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Day 56 – Q 1. What do you understand by ‘virtue ethics’? Discuss the contribution of Aristotle in the field of virtue ethics.

1. What do you understand by ‘virtue ethics’? Discuss the contribution of Aristotle in the field of virtue ethics.  

सदाचार नैतिकतासे आप क्या समझते हैं? सदाचार नैतिकता के क्षेत्र में अरस्तू के योगदान पर चर्चा करें।


Virtue ethics is a broad term for theories that emphasize the role of character and virtue in moral philosophy rather than either doing one’s duty or acting in order to bring about good consequences. These traits derive from natural internal tendencies, however, once established, they become stable.


Virtue ethics is currently one of three major approaches in normative ethics. It may, initially, be identified as the one that emphasizes the virtues, or moral character, in contrast to the approach that emphasizes duties or rules (deontology) or that emphasizes the consequences of actions (consequentialism). Suppose it is obvious that someone in need should be helped. A utilitarian will point to the fact that the consequences of doing so will maximize well-being, a deontologist to the fact that, in doing so the agent will be acting in accordance with a moral rule such as “Do unto others as you would be done by” and a virtue ethicist to the fact that helping the person would be charitable or benevolent.

Contribution of Aristotle in the field of virtue ethics:

  • In the West, virtue ethics’ founding fathers are Plato and Aristotle, and in the East it can be traced back to Mencius and Confucius. It persisted as the dominant approach in Western moral philosophy until at least the Enlightenment, suffered a momentary eclipse during the nineteenth century, but re-emerged in Anglo-American philosophy in the late 1950s.
  • It is not easy to get one’s emotions in harmony with one’s rational recognition of certain reasons for action. I may be honest enough to recognise that I must own up to a mistake because it would be dishonest not to do so without my acceptance being so wholehearted that I can own up easily, with no inner conflict. Following (and adapting) Aristotle, virtue ethicists draw a distinction between full or perfect virtue and “continence”, or strength of will. The fully virtuous do what they should without a struggle against contrary desires; the continent have to control a desire or temptation to do otherwise.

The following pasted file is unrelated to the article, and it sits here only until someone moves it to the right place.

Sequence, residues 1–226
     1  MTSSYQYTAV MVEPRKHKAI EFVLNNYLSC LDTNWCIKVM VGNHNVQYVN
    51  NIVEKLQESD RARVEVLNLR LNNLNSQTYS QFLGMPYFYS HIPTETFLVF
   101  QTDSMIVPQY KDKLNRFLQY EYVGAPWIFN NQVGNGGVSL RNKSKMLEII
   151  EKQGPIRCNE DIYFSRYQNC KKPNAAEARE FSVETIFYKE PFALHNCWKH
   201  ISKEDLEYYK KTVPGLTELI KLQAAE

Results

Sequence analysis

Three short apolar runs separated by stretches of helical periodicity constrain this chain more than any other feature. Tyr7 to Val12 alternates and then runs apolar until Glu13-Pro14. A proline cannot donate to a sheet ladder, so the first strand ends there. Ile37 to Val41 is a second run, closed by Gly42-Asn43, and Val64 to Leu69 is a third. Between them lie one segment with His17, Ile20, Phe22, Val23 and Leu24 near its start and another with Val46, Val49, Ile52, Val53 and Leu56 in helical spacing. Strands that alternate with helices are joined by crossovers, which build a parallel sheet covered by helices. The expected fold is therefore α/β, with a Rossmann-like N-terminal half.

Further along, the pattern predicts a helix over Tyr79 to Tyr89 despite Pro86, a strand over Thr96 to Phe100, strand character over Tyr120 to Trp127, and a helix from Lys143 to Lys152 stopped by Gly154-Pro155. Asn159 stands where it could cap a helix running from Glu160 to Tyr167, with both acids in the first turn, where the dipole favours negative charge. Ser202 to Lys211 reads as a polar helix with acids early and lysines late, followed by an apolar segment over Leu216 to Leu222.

• The ordinary usage, or the reliance on motivation by inclination, gives us what Aristotle calls “natural virtue”—a proto version of full virtue awaiting perfection by phronesis or practical wisdom.
  • Although all standard versions of virtue ethics insist on that conceptual link between virtue and eudaimonia, further links are matters of dispute and generate different versions. For Aristotle, virtue is necessary but not sufficient—what is also needed are external goods which are a matter of luck. For Plato and the Stoics, virtue is both necessary and sufficient for eudaimonia (Annas 1993).


Though virtue ethics comes with its own set of objections like self-centredness, failure of practicality and lack of lawfully guided principles, the constant self-awareness, self-development and knowledge building that a person inculcates as a result of virtue ethics cannot be overlooked. Emotional intelligence along with practicality where required will make a wholesome combination for an individual’s growth and help her/him contribute essentially to the society.

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